Probing Sensation and Behavior in Autism Spectrum Disorder Models

2020 Scientific Innovations Award
Sandeep Robert Datta, M.D., Ph.D.
Harvard University

Carl & Marilynn Thoma Foundation Scientific Innovations Award

Autism Spectrum Disorders (ASDs) are characterized by repetitive behaviors and deficits in the core domains of language development and social interactions. While many ASD patients exhibit deficits in sensory processing, the neural basis for these deficits are incompletely understood. Here, Dr. Datta’s lab will use advanced methods in perceptual and behavioral analysis to ask whether mice that have been genetically engineered to harbor mutations found in human autism exhibit sensory deficits (or deficits in behavioral responses to sensory cues). If so, they will use recently developed methods in brain imaging to explore and characterize deficits in sensory processing in higher brain circuits. Here Dr. Datta will focus on understanding the degree to which ASD model mice have normal sense of smell, which is the main sense used by mice to explore the environment and to interact socially. Interestingly, deficits in olfaction have been reported in human patients with ASDs. Taken together, the proposed experiments represent the first comprehensive analysis of olfactory perception, olfactory circuit function and odor-driven behavior in ASD model mice, one which is essential for understanding the deficits in social interaction that form a core shared phenotype across both mouse ASD models and human patients.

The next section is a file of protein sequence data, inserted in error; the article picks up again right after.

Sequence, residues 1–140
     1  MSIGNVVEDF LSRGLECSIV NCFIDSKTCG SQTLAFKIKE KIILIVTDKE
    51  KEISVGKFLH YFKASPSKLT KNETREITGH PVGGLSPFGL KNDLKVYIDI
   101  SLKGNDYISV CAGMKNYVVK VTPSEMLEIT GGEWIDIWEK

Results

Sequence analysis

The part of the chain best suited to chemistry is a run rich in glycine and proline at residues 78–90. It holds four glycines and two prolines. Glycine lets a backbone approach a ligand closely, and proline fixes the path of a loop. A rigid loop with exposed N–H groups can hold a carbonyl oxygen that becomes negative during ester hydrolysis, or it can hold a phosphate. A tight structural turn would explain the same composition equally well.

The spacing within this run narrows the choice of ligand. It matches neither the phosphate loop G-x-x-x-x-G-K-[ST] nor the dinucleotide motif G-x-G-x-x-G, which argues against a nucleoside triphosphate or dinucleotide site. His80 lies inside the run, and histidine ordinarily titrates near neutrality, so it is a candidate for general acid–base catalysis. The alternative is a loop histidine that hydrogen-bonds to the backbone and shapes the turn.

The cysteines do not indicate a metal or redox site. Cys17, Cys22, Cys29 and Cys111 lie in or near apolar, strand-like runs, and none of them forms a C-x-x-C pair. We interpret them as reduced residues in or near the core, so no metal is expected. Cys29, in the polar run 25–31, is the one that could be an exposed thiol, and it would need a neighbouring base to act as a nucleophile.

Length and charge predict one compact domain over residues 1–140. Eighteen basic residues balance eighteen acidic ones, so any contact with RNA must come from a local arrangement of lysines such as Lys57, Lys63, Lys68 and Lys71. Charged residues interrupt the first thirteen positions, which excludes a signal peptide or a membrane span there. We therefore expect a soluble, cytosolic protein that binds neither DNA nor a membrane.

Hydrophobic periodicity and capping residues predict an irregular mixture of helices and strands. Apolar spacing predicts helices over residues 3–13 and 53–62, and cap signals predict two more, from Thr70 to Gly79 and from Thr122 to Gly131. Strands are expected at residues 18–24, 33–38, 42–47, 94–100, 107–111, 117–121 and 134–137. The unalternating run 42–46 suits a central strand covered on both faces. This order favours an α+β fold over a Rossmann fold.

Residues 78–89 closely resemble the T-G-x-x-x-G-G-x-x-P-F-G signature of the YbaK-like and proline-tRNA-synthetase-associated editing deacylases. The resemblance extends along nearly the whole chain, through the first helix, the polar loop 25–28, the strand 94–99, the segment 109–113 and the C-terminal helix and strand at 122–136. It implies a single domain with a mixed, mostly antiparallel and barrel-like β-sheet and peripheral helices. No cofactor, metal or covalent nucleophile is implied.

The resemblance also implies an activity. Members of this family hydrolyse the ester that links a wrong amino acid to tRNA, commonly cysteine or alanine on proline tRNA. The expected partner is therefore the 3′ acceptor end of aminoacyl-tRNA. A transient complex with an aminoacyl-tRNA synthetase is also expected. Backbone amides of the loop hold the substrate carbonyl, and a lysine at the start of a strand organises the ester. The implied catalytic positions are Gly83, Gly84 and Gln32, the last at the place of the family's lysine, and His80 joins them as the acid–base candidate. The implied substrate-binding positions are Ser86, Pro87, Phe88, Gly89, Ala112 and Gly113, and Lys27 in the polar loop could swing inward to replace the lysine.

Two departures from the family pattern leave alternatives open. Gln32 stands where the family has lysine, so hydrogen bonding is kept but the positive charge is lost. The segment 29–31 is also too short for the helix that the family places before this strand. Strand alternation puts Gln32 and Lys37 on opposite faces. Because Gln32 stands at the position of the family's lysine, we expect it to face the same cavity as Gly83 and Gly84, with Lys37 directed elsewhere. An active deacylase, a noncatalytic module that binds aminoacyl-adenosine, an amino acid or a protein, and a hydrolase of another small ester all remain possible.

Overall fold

Other Awards

James J DiCarlo, M.D., Ph.D., Massachusetts Institute of Technology
Using Computer Models of the Neural Mechanisms of Visual Processing to Non-Invasively Modulate Brain States
DiCarlo’s research team is exploring an innovative approach to address emotional challenges, such as anxiety and depression. Traditional treatments for these disorders can be complex and often cause unpleasant side effects,…
Eiman Azim, Ph.D., The Salk Institute for Biological Studies
Learning from Error: Defining how Cerebellar Circuits Drive Adaptation in a Changing World
The ability to move effectively through the world is one of the most important functions of the brain. However, the world and the body are constantly changing, meaning the signals…
Hillel Adesnik, Ph.D., University of California, Berkeley
All Optically Probing the Neural Codes of Perception in the Primate Brain
How patterns of action potentials in space and time give rise to sensory experience is among the most enduring mysteries of biology. Despite decades of experiments correlating brain activity patterns…
Chaolin Zhang, Ph.D., Columbia University
Human-specific Alternative Splicing, Brain
Development, and Ciliopathies
Like movie frames needing to be edited to tell an engaging story, pieces of genetic information stored in DNA for each gene need to be sliced and rejoined, through a…